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HELENE ELLIOTT

Ducks' Teemu Selanne keeps faith amid scoring drought

Ducks right wing has been held to a single assist against San Jose, but he says not to worry as team tries to clinch series Monday night.

April 27, 2009|HELENE ELLIOTT

Coaches often talk about the importance of the game within the game. For the Ducks on Sunday, the most significant aspect of their day was the meeting within the meeting.

While players gathered at the Honda Center to discuss strategy for Game 6 of their playoff series against the San Jose Sharks and their second chance to upset the NHL's top-seeded team, right wing Teemu Selanne and center Andrew Ebbett held their own private chat.

The topic: turning the scoring chances they have produced into goals for Selanne, who has been held to a single assist in the first five games of the series.

"He's not going to stay scoreless for very long," Ebbett said.

It's a tribute to the exceptional play of goaltender Jonas Hiller and the No. 1 line of Bobby Ryan, Ryan Getzlaf and Corey Perry that the Ducks lead the series, 3-2, despite their overtime loss at San Jose on Saturday and the lack of production from Selanne, who ranked third in team goal scoring this season with 27 in 65 games.

But to close this out tonight and avoid venturing back into the Shark Tank on Wednesday in need of a Game 7 victory, the Ducks must get a contribution from Selanne, the franchise's all-time leading playoff scorer with 22 goals and 48 points in 63 postseason games.

"We had chances [Saturday] night, lots of chances every shift, and I think that was probably our best game of the series for our line. We need for those to start going in," Ebbett said. "Once they start going in, it will be downhill from there.

"We've had our chances. We're getting better. We need to help out that top line. There's been a lot of pressure on those guys to carry the team and we need to help them out a little more."

The speedy Ebbett, who's finishing a quietly impressive rookie season, and the veteran Selanne, who ranks 18th on the NHL's all-time goal-scoring list, have been absorbing more jabs than a pincushion in this series. The Sharks have targeted them and Ryan, another rookie, for intimidation with extra physical punishment. They all have the bruises to prove it but they have all bounced back.

"Nothing special, just a lot of tight checking," Selanne said. "No excuse there."

That's commendable. But Ryan has four goals, Ebbett has one, Ryan Carter scored Saturday on a nifty pass from Ebbett soon after he replaced Erik Christensen at left wing with Ebbett and Selanne, and Selanne has none.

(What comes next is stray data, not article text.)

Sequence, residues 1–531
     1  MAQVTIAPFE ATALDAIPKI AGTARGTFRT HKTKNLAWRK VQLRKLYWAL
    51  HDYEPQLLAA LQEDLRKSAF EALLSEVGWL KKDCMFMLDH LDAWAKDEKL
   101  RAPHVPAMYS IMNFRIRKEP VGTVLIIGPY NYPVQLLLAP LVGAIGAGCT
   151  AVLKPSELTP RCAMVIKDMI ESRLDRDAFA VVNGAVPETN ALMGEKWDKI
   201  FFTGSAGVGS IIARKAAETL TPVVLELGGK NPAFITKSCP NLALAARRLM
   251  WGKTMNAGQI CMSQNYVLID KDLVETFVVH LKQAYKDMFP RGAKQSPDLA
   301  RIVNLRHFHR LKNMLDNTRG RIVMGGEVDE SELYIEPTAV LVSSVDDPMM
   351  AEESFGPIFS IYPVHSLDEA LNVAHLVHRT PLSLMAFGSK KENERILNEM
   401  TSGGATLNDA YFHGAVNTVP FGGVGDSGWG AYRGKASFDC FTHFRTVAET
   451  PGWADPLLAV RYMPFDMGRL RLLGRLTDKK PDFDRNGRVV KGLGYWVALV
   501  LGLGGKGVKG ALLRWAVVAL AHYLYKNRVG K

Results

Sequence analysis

"It always bothers me a little bit, but it's a funny game," Selanne said.

His five-game drought matches his longest since his Jan. 28 return from a thigh laceration that kept him out of 17 games. He said he was encouraged by the opportunities his line produced Saturday, though he was credited with only one shot on goal.

"We had enough chances to score two, three goals. It's a little frustrating when they don't go in," Selanne said.

"There's nothing new. It's nothing we haven't faced before. You just stay positive and keep going. The team is playing well, and that's the main thing."

Ebbett said he and Selanne had no great revelations when they chatted, but they didn't need to. They don't have to reinvent the wheel. They just have to keep their wheels moving to test San Jose's defense.

Ebbett also said he was encouraged that the line cycled the puck more effectively and spent more time in San Jose's offensive zone Saturday than in the previous games. That led to Carter's goal, which halved the Sharks' lead 55 seconds into the third period. The Ducks, outplayed for too much of the game, pulled even at 4:42 but lost on Patrick Marleau's overtime rebounder.

"And it definitely helped more than when we were standing still, so it was a lot tougher for them to get their bodies on us," Ebbett said. "I thought we played a little bit better and got away from them more than we [did] in the first four games."

Coach Randy Carlyle said the line had to come back to the puck more and work the puck up the boards a little more but professed his faith in Selanne.

"I think you'd like to see him score and I think he'd like to score. It's not like he's not working and not getting chances," Carlyle said.

"I just think right now there's a little bit of a dry spell, but we've all been around here enough to know that he can pull a rabbit out of the hat at any time."

The Ducks would settle for his pulling a goal or two out of the Sharks. Preferably tonight.

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helene.elliott@latimes.com

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